Samsung Group leader Jay Y. Lee appeared at the South Korean special prosecutor’s office for questioning on Monday as part of a wider investigation into an influence-peddling scandal that could topple President Park Geun-hye.
The special prosecutor has focused on South Korea’s biggest conglomerate, accusing Lee in his capacity as Samsung chief of pledging 43 billion won ($37.31 million) to a business and organizations backed by Park’s friend, Choi Soon-sil, in exchange for support for a 2015 merger of two Samsung companies.
The funding included sponsorship for the equestrian career of Choi’s daughter, who is under arrest in Denmark after being sought by South Korean authorities.
Park, Lee, Choi, and Samsung Group have all denied bribery accusations.
Proving illicit dealings between Park or her confidantes and Samsung Group is critical for the special prosecutor’s case that ultimately targets Park, analysts have said.
Park was impeached by parliament in December and South Korea’s Constitutional Court will decide whether to uphold that decision. She has been stripped of her powers in the meantime.
Lee arrived at the prosecution office in southern Seoul early on Monday in a black sedan, dressed in a dark blue suit and tie and flanked by Samsung Group officials and his lawyer.
“I will once again tell the truth to the special prosecution,” the third-generation leader of South Korea’s biggest conglomerate told reporters before entering an elevator, without giving further details.
Outside the prosecutor’s office, protesters held up signs calling for his arrest.
The special prosecution team said it also planned to question two other Samsung executives as suspects. Both are officers of the Korea Equestrian Federation and have been questioned previously in the case.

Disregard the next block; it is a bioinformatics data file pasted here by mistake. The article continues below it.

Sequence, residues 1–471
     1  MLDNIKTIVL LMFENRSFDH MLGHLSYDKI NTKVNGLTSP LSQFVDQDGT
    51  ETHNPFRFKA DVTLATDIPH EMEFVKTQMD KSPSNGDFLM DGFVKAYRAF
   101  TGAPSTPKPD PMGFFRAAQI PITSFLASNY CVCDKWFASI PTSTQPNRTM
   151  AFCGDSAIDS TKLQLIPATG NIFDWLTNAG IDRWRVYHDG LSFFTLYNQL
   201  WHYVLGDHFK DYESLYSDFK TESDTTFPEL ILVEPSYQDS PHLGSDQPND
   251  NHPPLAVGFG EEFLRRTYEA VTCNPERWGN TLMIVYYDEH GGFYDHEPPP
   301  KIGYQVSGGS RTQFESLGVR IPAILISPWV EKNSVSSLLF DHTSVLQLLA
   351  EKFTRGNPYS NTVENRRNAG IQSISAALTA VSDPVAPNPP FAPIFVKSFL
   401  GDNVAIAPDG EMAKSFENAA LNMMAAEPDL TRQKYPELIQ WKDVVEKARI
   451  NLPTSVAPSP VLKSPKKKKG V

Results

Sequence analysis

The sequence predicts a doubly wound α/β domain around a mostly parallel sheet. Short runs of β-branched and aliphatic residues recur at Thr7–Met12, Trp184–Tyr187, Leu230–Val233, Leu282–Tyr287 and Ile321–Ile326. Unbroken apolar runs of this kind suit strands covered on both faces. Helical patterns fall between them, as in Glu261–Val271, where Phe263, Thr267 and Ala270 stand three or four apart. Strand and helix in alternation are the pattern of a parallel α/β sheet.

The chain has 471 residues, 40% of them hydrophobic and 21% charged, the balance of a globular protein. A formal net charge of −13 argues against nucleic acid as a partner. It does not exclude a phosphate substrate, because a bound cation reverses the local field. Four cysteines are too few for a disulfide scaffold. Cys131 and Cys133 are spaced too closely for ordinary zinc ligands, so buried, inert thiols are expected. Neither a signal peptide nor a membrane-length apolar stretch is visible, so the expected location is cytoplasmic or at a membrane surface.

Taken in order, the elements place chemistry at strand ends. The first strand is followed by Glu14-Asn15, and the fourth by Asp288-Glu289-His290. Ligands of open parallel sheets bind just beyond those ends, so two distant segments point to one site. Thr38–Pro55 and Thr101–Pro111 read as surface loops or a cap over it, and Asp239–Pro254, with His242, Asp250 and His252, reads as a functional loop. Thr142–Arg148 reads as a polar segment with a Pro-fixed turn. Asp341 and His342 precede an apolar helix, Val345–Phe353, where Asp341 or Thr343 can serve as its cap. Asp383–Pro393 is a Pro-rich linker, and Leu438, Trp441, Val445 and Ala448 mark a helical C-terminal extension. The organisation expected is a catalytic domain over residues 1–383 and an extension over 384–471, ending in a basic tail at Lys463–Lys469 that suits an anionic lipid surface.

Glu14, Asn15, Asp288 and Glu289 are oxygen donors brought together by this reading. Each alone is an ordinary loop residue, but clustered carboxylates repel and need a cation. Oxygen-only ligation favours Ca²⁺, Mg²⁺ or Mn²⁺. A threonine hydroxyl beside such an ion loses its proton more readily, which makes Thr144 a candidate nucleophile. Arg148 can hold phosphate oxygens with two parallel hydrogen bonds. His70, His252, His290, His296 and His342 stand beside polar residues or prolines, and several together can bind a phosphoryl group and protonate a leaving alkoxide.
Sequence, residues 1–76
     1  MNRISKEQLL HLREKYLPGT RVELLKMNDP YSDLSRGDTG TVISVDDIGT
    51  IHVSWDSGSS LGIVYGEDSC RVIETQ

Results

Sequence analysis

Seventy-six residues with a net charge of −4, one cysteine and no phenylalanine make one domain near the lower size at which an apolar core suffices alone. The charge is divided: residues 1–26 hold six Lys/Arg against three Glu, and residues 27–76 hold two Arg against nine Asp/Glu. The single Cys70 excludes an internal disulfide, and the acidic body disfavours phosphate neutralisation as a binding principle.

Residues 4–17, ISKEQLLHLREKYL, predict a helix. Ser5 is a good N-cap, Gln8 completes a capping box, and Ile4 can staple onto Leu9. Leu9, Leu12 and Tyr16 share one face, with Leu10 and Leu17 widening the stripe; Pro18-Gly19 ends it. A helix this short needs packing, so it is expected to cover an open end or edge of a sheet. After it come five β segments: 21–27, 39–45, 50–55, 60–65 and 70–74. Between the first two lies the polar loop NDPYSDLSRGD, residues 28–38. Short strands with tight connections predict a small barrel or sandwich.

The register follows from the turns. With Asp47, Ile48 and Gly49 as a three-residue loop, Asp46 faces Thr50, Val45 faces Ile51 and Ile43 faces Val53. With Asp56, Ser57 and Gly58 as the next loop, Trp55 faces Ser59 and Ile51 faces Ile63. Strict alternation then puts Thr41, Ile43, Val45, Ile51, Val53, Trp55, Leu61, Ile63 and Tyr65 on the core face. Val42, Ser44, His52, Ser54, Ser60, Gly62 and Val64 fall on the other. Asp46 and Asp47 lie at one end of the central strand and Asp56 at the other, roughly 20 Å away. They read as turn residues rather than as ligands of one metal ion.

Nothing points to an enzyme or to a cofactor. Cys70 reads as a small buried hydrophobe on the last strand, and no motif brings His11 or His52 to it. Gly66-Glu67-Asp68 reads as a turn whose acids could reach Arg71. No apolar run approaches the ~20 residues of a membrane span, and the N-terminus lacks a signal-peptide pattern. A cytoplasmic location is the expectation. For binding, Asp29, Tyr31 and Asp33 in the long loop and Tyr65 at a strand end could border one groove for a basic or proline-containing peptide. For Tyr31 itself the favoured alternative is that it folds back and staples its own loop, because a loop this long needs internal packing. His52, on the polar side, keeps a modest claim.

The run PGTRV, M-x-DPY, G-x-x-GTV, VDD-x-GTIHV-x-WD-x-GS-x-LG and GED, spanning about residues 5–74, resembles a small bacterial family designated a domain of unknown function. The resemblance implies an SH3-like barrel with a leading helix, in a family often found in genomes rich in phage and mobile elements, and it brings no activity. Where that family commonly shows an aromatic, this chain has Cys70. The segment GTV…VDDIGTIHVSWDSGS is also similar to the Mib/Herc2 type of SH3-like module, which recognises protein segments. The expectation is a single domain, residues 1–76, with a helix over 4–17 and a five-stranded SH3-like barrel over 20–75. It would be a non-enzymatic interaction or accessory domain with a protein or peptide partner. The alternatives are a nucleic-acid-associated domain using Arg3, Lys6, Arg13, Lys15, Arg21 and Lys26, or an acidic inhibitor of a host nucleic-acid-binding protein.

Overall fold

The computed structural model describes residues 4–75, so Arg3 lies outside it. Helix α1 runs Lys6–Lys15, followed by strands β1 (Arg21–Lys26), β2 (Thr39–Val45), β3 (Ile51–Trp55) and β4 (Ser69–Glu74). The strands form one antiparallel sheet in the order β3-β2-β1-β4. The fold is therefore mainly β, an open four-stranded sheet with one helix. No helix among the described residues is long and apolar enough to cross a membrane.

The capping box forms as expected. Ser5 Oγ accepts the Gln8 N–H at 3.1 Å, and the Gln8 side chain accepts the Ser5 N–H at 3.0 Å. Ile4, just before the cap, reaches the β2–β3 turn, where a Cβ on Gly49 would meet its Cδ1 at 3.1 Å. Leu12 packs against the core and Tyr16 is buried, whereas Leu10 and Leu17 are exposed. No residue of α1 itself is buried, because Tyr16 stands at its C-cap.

One of those two, Samsung Electronics (ssnlf) president Park Sang-jin, did not respond to reporters on his arrival at the special prosecution team’s office.
Investigators are expected to decide, possibly this week, whether to again seek a warrant to arrest the 48-year-old Lee.
In January, the special prosecution sought a warrant to arrest Lee after questioning him for more than 22 hours, accusing him of paying bribes to win the state pension fund’s support for the controversial merger of Samsung C&T and Cheil Industries.
However, a Seoul court rejected that request.
Chang Choong-ki, deputy head of Samsung Group’s corporate strategy office, known informally as its “control tower,” was also questioned on Sunday as a suspect and returned home hours later. The special prosecutor’s office said it had not decided yet on its plans for Chang.
Shares in Samsung Electronics had fallen 1.25% by 01:08 GMT on Monday, compared with a flat wider market.
“The issue will have limited impact on share prices, except if the worst-case scenario happens, since political issues previously did not have a big influence on share prices or earnings,” said Bae Sung-young, a stock analyst at Hyundai Securities.